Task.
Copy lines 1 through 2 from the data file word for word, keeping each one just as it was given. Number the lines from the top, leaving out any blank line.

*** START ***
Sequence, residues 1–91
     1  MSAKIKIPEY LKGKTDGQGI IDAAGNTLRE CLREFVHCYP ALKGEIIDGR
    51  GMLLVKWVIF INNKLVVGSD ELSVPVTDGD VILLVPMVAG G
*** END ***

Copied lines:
Sequence, residues 1–91
     1  MSAKIKIPEY LKGKTDGQGI IDAAGNTLRE CLREFVHCYP ALKGEIIDGR